It’s that time of year again. That event has reared its head, marked in the calendar, stuck in your brain. Some will be filled with dread.
Readers, GCSE, AS-level and A-level exams are on the horizon. With just two months to go until exam season arrives, students are starting to think about how to tackle the next few months, questioning how to revise, finding techniques which work for them, and hibernating before summer arrives.
After two years of disruption, students have finally returned to the exam hall. Last year, GCSE and A-level students were able to sit their exams in person, unlike previous years.
It’s undeniable that students have been resilient over the past few years. Now, with Zoom no longer required, swapped instead for that infuriating 7am alarm clock, it’s fascinating to see how students feel, living in a post-pandemic world. Mya Singh-Landa, an A-level student sitting her AS-level exams in May, said that it is “natural to feel nervous as a post-Covid student”, but, “I think school has been very supportive, so I do feel prepared for the upcoming exams.”
However, Soanna Khan, a year 13 A-level student suggested that “as a post-Covid student, I was feeling quite worried for the upcoming exams, although I found the advanced information released by the WJEC useful in allowing me to plan my revision.”
Another individual said that, “I felt more nervous last year, when sitting my GCSEs. But now, I feel as though it has all become normal again, so I am not as fearful for the upcoming exams.”
To find out the date of exams, search for your Exam Board’s website online where you can find a timetable. Advanced information can be highly useful and you should look for this on the Exam Board’s website too.
Yet, it is not the exams that students find stressful to accomplish. It’s the revision. The preparation before exams comes down to the organisation of subject content, which some people may struggle with. Revising for exams is predominantly subjective, as there are multiple methods that you might utilise.
Whether it be active recall, creating mind maps, cue-cards or watching YouTube videos for extra help, many different methods work for different individuals.
Stuck with finding a revision method? It’s often beneficial to talk to those in a similar situation as you. They often have the tools you are looking for. Speaking to Mya, she said that an effective way to revise is by looking at “past paper questions and understanding how examiners mark. Active recall is very effective, especially when you’re asked specific questions.” It can become monotonous over time, constantly at your desk, hour after hour, attempting to cement information into your head.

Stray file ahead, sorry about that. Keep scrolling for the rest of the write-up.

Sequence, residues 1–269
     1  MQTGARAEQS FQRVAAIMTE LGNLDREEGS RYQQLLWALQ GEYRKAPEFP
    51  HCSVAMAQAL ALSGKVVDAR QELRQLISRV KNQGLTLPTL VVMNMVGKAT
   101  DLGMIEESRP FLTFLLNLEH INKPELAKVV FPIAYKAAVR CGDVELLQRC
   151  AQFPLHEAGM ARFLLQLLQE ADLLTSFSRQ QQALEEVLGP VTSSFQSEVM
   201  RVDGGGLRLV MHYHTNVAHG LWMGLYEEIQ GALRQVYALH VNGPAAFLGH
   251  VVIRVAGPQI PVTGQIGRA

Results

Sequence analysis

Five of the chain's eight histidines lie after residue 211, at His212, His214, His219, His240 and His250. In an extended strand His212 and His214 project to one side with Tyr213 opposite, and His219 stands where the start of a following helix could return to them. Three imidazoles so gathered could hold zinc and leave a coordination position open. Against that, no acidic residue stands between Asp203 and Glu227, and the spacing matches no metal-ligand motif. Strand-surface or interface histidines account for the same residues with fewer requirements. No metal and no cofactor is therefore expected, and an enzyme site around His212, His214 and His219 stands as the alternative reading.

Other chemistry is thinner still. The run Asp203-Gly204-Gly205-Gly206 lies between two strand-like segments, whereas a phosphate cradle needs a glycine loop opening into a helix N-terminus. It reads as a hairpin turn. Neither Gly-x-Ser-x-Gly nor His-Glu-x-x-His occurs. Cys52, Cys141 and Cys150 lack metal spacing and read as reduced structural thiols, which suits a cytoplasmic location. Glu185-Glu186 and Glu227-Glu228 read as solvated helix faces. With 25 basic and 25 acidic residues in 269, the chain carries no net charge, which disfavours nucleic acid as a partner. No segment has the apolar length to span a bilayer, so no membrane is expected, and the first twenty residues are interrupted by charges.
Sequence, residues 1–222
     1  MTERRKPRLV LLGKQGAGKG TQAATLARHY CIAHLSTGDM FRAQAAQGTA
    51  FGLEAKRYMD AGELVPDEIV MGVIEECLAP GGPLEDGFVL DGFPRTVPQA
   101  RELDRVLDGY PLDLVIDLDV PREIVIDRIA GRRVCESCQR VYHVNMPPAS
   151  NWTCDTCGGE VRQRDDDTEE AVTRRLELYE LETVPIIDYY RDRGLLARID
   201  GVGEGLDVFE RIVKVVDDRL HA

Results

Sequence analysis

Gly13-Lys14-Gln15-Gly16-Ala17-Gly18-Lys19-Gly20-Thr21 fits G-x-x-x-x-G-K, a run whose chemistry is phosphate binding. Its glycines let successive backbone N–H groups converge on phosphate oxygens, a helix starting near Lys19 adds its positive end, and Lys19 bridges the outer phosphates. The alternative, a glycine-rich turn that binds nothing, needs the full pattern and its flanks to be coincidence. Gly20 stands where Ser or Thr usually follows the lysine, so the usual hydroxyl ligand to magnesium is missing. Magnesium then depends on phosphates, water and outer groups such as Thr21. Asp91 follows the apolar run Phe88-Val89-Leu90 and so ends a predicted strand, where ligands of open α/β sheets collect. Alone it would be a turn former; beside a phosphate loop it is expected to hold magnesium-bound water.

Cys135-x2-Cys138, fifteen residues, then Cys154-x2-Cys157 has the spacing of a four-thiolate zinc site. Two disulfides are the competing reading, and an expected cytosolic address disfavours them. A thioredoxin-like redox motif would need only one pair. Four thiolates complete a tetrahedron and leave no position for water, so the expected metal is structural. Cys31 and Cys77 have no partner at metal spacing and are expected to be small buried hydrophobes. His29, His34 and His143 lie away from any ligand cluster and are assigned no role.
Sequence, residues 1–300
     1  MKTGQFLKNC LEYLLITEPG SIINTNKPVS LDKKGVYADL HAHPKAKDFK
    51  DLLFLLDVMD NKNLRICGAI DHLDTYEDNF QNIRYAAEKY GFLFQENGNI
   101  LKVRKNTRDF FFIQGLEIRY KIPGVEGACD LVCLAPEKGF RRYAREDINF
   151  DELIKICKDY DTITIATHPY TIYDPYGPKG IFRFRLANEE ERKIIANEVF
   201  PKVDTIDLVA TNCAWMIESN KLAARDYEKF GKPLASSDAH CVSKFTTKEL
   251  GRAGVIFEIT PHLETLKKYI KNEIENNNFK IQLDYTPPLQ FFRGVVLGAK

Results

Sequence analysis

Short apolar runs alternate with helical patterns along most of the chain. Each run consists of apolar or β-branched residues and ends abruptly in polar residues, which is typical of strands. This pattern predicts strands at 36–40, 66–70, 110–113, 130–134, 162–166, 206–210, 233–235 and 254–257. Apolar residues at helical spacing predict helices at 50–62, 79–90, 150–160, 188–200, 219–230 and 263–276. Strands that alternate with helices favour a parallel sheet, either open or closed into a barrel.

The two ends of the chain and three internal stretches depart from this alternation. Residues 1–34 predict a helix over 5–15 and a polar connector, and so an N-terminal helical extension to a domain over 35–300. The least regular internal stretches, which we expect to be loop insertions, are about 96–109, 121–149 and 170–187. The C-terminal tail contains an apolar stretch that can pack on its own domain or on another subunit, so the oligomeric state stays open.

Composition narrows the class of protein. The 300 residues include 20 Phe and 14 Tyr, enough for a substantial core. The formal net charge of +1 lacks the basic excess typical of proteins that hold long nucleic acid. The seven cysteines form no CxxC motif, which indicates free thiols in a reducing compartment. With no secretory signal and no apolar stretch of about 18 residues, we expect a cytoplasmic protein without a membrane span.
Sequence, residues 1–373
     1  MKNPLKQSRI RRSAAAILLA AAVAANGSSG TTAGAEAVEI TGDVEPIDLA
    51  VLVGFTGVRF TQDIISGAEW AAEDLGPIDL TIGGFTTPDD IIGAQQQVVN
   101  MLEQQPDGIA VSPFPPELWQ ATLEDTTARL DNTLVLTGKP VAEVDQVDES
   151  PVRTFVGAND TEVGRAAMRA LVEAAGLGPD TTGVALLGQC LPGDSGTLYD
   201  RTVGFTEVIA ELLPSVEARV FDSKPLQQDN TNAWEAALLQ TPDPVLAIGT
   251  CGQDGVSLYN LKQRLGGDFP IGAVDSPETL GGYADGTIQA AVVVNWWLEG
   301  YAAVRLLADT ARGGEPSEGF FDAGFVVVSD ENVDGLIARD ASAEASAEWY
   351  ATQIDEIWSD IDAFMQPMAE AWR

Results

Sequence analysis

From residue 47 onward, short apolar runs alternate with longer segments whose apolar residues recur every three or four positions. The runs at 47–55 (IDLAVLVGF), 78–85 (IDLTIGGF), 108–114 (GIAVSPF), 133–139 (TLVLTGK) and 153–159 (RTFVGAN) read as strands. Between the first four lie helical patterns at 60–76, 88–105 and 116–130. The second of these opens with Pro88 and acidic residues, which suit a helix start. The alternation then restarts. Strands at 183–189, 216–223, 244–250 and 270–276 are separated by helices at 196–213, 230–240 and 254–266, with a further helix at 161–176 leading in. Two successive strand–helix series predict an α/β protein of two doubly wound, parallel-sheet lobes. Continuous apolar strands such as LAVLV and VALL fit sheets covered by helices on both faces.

However, Mya also said: “Don’t be afraid to ask for help. Actively seek help from your teacher and don’t sit there thinking that you can’t do it. Look at ways to overcome the problem.”
Sitting her A-level exams in May, Soanna believes “the most effective ways to revise are using flashcards with a question on the front and the answer on the back, making mind maps of different topics, re-teaching the content to yourself or to someone else, making acronyms and the ‘blurting method’.” Finding the right method for you will come with time, but make sure you do not leave it to the last minute. As Mya says, “revising from the beginning and building up your revision materials is beneficial.”
Another individual suggested that “for most, a visual approach is one of the best: reading school work, noting the main points on blank paper, condensing this further into brief, essential points that are easy to memorise, then repeating the process in reverse- from your brief notes, build it back to your longer notes, then go back to the original and see what you forgot.”
Whilst revision is highly important, it’s vital to maintain a balance. Socialising, homework, revision, hobbies and spending time with family can be particularly difficult to manage, especially with multiple upcoming exams. Annabel Grosfils, an A-level student sitting her AS exams in May, expressed that “it’s important to take regular breaks and do things other than revising, to give yourself a rest.” She suggested that other useful methods are, “a number of apps that can help with managing your time productively, such as Flora.”
If you are sitting your exams for the first time, it might be useful to talk to those who have already sat their exams. Annabel’s top tip is “to start early, so that you already know the basis of the content, then you can start doing past papers closer to the exam and are not trying to cram as the exams approach.” When speaking to Mya, her best advice is to “ensure that you have breaks” and “if you haven’t started revising now, do start soon.”
Another source said that you definitely need to “buy a ring-binder; it’ll save you from losing all your notes and all your revision.” Lastly, in the year above, Soanna said that “advice I would give to anyone sitting exams in May is to work hard and enjoy the time between your exams and results day, as it can often be easy to stress and worry over the summer about your results.”
Remember: “revision is a unique experience and learners will develop their own preferred approach.” We are all different, so choose a technique that works for you and good luck to you all sitting your exams in May.